An imaginative work featuring intriguingly weird art that lives up the creator’s desire for “wonder and whimsy.”


A debut, sepia-toned alphabet book from steampunk street artist The Impossible Winterbourne, designed to please both adults and young readers.

This book takes a surreal tone from the start, as the author welcomes readers to Winterbourne Workshop—which is also the name of his real-world art shop. An alphabet follows, featuring strange and frequently wonderful robots. On each two-page spread, a letter, printed in an old-fashioned typewriter typeface, is framed and placed against a muted, tapestrylike background. Below it is a description of a robot whose name begins with the same letter, illustrated in mixed-media on the facing page. Some of the best examples include the AquaBot, an underwater automaton who wears an old-fashioned diving helmet; the EcoBot, who’s made from sticks and has a tree growing from its head; and the IdeaBot, whose head is an old-fashioned lightbulb. Each one’s design has a steampunk flair, but some are eerier than others and might be off-putting to sensitive young readers; the GhostBot, for example, has rusted chains and a sad expression, and the ZombiBot is suitably grotesque with frayed wires and an exposed brain. The poetry scans well throughout, and the rhymes create a nice read-aloud cadence. VoodooBot, however, is an unfortunate misstep that reinforces negative stereotypes of that religion. For the most part, though, this is an inventive book that’s similar in tone and content to Neil Gaiman’s The Dangerous Alphabet or Edward Gorey’s The Gashlycrumb Tinies.

An imaginative work featuring intriguingly weird art that lives up the creator’s desire for “wonder and whimsy.”

Pub Date: Feb. 6, 2018

ISBN: 978-0-692-74378-2

Page Count: 72

Publisher: Mascot Books

Review Posted Online: Nov. 12, 2018

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Sophie is caught between a powerful witch and wizard who are terrorizing the magical land of Ingary. Living a humdrum life as a hatter till the malicious Witch of the Waste casts a spell turning her into an old woman, Sophie seeks refuge as cleaning woman to Wizard Howl (although he's rumored to eat the hearts of young girls) in his castle, which moves at will about the countryside. Actually, Howl is a brash young man whose only vice is womanizing. He is a gifted wizard but the despair of his inept apprentice and of Calcifer, a humorously petulant fire demon, because of such human faults as messiness and spending too long in the bath. As in her memorable Archer's Goon, Jones has a plethora of characters who are seldom what they seem and an intricate plot which may dazzle with its complexity or delight by the hilarious common-sense consequences of its preposterous premises. Sophie is a dauntless heroine; when she regains her youth and wins Howl, the odds are this is only the beginning of a tempestuous romance. Great fun.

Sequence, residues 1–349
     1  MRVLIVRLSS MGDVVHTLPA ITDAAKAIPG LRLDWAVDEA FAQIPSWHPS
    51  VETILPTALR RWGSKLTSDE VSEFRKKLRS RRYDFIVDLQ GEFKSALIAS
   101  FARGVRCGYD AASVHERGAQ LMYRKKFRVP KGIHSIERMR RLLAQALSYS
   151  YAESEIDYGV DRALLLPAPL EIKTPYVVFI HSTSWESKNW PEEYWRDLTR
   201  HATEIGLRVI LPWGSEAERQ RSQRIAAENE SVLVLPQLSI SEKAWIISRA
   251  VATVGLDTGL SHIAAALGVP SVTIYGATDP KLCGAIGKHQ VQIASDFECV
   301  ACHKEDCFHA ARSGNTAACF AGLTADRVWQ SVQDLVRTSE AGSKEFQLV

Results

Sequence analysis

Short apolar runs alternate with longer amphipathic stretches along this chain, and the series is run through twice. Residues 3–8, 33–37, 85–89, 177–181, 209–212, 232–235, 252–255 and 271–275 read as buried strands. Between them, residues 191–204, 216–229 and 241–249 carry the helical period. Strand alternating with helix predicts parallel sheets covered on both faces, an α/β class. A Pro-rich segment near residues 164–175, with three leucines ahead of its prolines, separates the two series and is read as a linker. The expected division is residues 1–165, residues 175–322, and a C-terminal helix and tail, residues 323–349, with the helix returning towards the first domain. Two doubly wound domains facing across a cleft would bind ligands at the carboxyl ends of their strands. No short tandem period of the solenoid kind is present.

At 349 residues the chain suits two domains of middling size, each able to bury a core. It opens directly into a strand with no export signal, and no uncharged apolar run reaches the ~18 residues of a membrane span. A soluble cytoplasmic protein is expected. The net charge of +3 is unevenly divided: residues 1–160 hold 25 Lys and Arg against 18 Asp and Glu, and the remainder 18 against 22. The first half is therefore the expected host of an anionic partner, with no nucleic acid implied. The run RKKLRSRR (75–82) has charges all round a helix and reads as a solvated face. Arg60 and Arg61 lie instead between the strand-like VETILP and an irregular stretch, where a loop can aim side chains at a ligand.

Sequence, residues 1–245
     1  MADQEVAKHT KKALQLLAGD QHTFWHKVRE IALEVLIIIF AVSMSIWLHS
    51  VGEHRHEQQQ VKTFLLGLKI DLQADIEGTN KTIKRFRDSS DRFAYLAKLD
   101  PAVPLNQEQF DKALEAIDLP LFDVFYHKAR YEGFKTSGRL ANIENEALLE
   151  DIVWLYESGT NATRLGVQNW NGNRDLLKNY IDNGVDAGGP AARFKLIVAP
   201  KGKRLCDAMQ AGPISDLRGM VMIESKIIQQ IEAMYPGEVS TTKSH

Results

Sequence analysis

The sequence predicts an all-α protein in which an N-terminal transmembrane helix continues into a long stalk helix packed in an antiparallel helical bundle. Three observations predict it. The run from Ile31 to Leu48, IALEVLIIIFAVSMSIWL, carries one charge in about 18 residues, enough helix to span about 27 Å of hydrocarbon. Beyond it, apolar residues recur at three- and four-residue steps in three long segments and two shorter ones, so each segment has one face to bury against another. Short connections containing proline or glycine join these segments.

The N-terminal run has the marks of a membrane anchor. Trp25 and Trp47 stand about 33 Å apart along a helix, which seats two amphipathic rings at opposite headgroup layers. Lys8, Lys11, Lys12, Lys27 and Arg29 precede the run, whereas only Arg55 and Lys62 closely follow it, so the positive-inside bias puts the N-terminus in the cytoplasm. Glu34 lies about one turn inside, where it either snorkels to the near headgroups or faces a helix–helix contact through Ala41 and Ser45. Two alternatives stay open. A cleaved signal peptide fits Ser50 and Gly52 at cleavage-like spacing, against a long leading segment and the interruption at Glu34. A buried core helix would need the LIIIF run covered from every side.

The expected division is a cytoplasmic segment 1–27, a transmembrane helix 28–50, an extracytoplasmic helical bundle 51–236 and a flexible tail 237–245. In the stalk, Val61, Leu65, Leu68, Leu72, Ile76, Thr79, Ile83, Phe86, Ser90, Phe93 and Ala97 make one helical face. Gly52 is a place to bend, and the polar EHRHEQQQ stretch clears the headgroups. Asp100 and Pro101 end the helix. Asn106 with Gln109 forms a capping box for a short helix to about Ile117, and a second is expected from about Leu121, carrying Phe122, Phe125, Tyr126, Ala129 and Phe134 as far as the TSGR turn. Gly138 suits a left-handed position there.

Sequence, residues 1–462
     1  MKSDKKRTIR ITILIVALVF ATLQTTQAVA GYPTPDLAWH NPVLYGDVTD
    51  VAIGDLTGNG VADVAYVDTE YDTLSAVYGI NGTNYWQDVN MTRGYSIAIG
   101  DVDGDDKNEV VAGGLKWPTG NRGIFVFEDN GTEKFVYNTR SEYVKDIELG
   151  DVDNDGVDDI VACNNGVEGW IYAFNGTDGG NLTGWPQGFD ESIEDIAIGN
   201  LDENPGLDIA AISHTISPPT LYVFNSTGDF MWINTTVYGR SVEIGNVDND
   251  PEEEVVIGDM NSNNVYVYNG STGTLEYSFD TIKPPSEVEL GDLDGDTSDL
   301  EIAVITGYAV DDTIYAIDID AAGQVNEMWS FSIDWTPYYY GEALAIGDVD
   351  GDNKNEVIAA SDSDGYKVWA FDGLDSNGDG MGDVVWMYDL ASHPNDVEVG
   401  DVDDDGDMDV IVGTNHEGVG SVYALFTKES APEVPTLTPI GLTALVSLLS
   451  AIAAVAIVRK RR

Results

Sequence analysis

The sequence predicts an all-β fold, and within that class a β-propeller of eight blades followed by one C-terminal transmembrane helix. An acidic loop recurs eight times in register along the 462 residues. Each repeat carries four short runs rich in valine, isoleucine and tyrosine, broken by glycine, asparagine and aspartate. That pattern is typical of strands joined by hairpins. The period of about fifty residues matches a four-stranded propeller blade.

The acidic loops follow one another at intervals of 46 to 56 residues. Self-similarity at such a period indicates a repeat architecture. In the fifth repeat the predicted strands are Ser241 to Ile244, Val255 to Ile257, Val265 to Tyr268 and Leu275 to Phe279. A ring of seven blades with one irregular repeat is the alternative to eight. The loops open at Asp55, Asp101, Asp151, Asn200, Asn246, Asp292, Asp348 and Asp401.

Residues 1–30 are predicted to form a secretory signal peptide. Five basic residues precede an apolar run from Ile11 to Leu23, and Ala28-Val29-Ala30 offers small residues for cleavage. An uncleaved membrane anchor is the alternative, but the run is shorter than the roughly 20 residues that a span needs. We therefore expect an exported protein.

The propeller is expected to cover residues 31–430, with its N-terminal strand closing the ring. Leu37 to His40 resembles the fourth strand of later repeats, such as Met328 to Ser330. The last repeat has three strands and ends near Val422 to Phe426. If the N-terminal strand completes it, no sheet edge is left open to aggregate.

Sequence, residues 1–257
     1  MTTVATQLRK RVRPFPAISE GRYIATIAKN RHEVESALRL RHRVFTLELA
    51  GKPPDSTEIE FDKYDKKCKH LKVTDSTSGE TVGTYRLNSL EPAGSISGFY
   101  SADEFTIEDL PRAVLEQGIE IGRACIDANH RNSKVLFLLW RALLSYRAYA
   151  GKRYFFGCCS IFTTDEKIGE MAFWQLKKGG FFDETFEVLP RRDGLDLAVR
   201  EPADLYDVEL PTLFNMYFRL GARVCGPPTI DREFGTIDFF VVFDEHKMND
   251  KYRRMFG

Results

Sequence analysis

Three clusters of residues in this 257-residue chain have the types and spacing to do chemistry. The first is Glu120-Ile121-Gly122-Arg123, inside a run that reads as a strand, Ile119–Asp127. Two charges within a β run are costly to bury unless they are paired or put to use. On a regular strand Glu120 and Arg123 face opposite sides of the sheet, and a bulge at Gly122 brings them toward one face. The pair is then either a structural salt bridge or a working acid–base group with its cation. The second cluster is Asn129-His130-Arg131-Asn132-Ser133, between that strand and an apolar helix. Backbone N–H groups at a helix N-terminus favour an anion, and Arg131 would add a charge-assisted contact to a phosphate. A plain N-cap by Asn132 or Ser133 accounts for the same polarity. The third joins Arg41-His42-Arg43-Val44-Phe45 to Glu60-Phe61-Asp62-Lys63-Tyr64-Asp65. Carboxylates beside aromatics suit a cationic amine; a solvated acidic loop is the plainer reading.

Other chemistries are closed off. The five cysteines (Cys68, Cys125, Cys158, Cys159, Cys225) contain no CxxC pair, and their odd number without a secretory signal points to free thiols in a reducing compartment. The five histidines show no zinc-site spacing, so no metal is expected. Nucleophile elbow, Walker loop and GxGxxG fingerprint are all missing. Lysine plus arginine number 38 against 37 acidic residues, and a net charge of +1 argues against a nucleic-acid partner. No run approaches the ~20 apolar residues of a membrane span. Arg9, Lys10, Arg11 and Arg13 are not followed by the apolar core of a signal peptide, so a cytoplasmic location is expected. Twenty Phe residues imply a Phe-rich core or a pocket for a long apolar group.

Pub Date: April 14, 1986

ISBN: 0061478784

Page Count: 448

Publisher: Greenwillow Books

Review Posted Online: April 30, 2012

Kirkus Reviews Issue: March 15, 1986

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Though the lessons weigh more heavily than in The One and Only Ivan, a potential disappointment to its fans, the story is...

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Applegate tackles homelessness in her first novel since 2013 Newbery winner The One and Only Ivan.

Hunger is a constant for soon-to-be fifth-grader Jackson and his family, and the accompanying dizziness may be why his imaginary friend is back. A giant cat named Crenshaw first appeared after Jackson finished first grade, when his parents moved the family into their minivan for several months. Now they’re facing eviction again, and Jackson’s afraid that he won’t be going to school next year with his friend Marisol. When Crenshaw shows up on a surfboard, Jackson, an aspiring scientist who likes facts, wonders whether Crenshaw is real or a figment of his imagination. Jackson’s first-person narrative moves from the present day, when he wishes that his parents understood that he’s old enough to hear the truth about the family’s finances, to the first time they were homeless and back to the present. The structure allows readers access to the slow buildup of Jackson’s panic and his need for a friend and stability in his life. Crenshaw tells Jackson that “Imaginary friends don’t come of their own volition. We are invited. We stay as long as we’re needed.” The cat’s voice, with its adult tone, is the conduit for the novel’s lessons: “You need to tell the truth, my friend….To the person who matters most of all.”

Though the lessons weigh more heavily than in The One and Only Ivan, a potential disappointment to its fans, the story is nevertheless a somberly affecting one . (Fiction. 7-11)

Pub Date: Sept. 22, 2015

ISBN: 978-1-250-04323-8

Page Count: 256

Publisher: Feiwel & Friends

Review Posted Online: June 29, 2015

Kirkus Reviews Issue: July 15, 2015

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